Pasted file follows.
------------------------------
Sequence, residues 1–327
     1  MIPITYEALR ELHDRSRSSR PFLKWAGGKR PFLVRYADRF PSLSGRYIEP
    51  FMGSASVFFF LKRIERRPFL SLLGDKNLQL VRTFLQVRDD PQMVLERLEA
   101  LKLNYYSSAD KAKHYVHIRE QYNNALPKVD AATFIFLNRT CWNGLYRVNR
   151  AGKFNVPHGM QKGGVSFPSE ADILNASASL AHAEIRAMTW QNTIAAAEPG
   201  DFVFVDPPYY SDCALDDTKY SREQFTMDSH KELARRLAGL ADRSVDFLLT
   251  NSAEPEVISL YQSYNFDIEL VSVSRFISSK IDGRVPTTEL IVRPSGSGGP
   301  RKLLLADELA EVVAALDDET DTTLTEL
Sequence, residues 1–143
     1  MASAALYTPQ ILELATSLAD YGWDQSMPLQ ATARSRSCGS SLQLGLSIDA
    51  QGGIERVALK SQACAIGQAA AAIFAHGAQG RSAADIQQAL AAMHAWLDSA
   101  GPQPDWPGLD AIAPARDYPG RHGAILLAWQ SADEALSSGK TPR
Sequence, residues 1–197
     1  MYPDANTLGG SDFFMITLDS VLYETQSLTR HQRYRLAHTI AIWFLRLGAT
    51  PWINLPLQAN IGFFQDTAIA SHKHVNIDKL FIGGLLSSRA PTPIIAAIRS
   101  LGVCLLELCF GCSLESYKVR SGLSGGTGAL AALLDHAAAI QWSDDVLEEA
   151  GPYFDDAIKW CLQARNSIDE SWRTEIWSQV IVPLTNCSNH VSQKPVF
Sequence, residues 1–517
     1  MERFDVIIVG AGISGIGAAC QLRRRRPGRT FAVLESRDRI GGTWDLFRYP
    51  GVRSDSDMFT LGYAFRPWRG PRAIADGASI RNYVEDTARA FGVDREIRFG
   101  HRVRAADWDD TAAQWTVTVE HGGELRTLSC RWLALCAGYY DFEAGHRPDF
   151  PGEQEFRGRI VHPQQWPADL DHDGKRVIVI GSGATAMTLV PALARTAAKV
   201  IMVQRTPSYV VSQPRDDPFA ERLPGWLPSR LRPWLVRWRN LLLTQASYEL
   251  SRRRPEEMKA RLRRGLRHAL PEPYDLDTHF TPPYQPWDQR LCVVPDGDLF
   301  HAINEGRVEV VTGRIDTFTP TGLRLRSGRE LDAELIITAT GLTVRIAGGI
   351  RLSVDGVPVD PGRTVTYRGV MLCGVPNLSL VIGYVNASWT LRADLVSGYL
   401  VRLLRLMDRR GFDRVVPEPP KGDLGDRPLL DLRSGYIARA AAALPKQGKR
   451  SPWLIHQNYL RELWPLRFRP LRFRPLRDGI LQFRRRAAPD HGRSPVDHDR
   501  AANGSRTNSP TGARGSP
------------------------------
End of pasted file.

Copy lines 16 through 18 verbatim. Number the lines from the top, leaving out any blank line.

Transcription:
   101  LGVCLLELCF GCSLESYKVR SGLSGGTGAL AALLDHAAAI QWSDDVLEEA
   151  GPYFDDAIKW CLQARNSIDE SWRTEIWSQV IVPLTNCSNH VSQKPVF
Sequence, residues 1–517